• After you received the property, your intent was to deprive the owner for a period of time or permanently

It should be noted a “false pretense” covers a wide range of behavior, but defined as any any act, word, or symbol, where the purpose is to deceive someone. This means a false pretense can include making reckless statements, but keep in mind that “intent” is the primary factor in any prosecution of this theft crime. Another primary factor in pursuing this type of case is showing the victim relied on your false statements in order to give up their property.

What are the Legal Penalties? 

If convicted of theft by false pretenses under penal Code Section 532, the penalties will always depend on the total value of the property or money that was taken. For example, if the total value was less than $950, it's a misdemeanor petty theft, which carries a penalty of up to 6 months in county jail and a fine up to $1,000.

If the value exceeded $950, you could face grand theft charges, which is known as a “wobbler,” meaning the case could be filed as either a misdemeanor or felony crime. If you are convicted, the penalties include up to 3 years in a California state prison.

Legal Defenses for Theft by False Pretenses

There are a wide range of potential legal defenses for charges of theft by false pretenses in violation of California Penal Code 532. Every case is unique and will first require a close review of the details by our experienced criminal defense lawyers. However, the most common defenses include:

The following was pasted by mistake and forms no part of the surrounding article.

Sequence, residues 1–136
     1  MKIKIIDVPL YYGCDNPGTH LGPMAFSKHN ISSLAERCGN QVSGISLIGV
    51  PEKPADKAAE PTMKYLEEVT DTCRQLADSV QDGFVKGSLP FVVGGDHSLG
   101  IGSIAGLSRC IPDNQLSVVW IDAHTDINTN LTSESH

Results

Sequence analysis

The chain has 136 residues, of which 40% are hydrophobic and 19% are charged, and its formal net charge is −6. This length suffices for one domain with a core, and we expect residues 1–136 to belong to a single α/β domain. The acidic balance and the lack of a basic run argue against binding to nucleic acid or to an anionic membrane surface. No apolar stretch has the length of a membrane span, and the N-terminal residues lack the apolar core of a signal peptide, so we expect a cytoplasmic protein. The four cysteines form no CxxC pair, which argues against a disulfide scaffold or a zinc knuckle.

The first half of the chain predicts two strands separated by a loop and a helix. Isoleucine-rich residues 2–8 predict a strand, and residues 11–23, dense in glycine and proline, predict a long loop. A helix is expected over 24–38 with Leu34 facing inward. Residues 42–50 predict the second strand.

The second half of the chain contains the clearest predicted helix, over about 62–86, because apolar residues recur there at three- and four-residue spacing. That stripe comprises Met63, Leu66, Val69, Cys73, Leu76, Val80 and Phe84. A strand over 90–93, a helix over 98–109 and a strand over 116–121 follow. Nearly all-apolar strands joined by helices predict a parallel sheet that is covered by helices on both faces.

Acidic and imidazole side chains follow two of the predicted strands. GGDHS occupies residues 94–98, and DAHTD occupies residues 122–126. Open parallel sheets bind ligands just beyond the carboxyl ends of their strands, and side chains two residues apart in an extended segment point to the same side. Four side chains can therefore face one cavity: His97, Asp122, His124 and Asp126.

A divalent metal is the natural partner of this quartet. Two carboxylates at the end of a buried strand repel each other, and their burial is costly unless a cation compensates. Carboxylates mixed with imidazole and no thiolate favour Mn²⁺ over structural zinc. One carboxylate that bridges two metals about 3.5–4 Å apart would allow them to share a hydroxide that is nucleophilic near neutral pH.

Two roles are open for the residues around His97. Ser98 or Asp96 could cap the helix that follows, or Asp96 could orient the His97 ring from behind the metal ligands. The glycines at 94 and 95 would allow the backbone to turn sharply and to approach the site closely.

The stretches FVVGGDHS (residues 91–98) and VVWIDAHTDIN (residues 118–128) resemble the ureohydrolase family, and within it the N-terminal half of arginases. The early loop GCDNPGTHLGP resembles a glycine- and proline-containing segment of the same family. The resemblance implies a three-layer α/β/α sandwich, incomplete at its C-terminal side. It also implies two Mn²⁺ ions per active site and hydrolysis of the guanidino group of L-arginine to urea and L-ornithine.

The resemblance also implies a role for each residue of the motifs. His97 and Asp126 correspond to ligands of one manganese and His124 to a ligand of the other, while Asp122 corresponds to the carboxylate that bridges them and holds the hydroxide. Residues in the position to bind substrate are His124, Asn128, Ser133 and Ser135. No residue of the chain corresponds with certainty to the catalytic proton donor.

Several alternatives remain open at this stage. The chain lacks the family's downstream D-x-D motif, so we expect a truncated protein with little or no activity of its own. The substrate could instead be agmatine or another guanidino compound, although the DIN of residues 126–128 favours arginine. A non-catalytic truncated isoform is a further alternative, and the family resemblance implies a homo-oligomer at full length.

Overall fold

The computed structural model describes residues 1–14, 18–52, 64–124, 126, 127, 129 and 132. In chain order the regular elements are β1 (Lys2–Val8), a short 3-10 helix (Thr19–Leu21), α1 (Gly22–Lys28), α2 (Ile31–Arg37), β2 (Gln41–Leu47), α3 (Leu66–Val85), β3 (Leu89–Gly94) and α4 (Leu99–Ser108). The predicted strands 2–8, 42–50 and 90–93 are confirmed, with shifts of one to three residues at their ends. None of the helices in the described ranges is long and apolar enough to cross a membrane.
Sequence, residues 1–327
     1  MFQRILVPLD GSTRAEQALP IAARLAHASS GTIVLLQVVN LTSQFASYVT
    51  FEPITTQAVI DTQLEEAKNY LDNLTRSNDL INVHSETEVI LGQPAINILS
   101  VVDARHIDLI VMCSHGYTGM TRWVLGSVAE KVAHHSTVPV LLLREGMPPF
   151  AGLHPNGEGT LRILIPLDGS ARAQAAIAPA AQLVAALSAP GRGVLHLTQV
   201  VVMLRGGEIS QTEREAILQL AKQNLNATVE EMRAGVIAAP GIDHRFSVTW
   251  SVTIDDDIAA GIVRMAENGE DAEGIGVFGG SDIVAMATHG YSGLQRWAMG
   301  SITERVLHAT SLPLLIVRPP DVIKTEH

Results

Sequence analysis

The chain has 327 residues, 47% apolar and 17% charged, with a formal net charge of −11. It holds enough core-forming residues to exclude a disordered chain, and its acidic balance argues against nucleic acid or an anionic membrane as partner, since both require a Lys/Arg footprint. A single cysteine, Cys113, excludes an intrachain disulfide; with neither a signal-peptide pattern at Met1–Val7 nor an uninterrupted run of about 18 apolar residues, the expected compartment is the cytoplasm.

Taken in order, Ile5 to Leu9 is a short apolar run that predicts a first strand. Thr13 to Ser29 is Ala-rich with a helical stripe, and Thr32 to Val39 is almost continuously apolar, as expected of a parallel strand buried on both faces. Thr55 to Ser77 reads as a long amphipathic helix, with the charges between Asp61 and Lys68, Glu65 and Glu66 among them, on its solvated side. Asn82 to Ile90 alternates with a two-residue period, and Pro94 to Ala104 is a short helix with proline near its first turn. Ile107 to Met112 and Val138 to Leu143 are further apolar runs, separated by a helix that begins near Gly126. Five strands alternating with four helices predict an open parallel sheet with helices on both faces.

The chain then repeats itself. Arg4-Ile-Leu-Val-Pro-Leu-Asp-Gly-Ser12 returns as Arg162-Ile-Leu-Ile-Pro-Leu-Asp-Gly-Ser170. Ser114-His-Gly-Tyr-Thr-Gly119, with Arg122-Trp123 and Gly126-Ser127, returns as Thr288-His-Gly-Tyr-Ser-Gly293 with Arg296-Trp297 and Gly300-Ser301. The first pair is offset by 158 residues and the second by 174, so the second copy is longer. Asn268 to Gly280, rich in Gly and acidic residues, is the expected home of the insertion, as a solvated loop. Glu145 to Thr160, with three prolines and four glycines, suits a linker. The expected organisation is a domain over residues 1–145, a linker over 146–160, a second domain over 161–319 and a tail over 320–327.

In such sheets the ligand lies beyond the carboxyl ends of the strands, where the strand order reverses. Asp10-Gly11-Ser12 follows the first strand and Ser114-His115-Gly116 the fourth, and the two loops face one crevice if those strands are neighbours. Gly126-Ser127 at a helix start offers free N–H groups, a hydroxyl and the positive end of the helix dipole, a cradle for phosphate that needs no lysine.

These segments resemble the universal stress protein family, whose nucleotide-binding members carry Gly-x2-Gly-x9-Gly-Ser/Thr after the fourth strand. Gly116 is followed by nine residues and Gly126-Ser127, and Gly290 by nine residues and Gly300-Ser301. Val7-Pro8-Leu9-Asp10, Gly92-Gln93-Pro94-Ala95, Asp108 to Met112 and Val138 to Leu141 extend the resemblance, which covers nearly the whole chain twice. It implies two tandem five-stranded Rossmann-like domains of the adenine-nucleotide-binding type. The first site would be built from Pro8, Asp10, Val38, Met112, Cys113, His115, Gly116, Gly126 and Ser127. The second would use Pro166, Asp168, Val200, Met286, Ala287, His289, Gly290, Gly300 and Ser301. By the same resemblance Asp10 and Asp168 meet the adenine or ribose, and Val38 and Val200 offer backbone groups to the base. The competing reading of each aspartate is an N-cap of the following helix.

Lack of intent to deceive: As stated above, the primary element of the crime the prosecutor must be able to prove is that you intentionally deceived someone to gain their property. In some cases, this could prove difficult to actually prove. Perhaps we could make a valid argument you reasonably believed what you were telling them was true. In other words, you never had an intent to deceive them. The prosecutor has the burden of proof beyond any reasonable doubt.

Lack of reliance: As discussed above, the prosecutor has to also prove the victim relied on your information to give you their property. This element of the crime can also be difficult to prove in some cases because it involves the issue of motive. Perhaps we could make a reasonable argument the alleged victim didn't rely on your information that lead them to their decision to give you their property.

If you are in a situation where you have been accused of misdemeanor of felony charges of theft by false pretenses in violation of California Penal Code Section 532, you should consult with our skilled criminal defense attorneys to review the specific details.

Don't make any statements to police as you might incriminate yourself. We need to closely review all the information to plan an effective defense strategy to obtain the best possible outcome. Over our decades of practice in criminal law, we have a record of success in all theft related cases.

About the Author

Philip Israels

Phil Israels was raised in California's Central Valley where he still has family. After graduating from the University of California at Berkeley where he was a member for Zeta Beta Tau fraternity and studied Economics, he continued his education...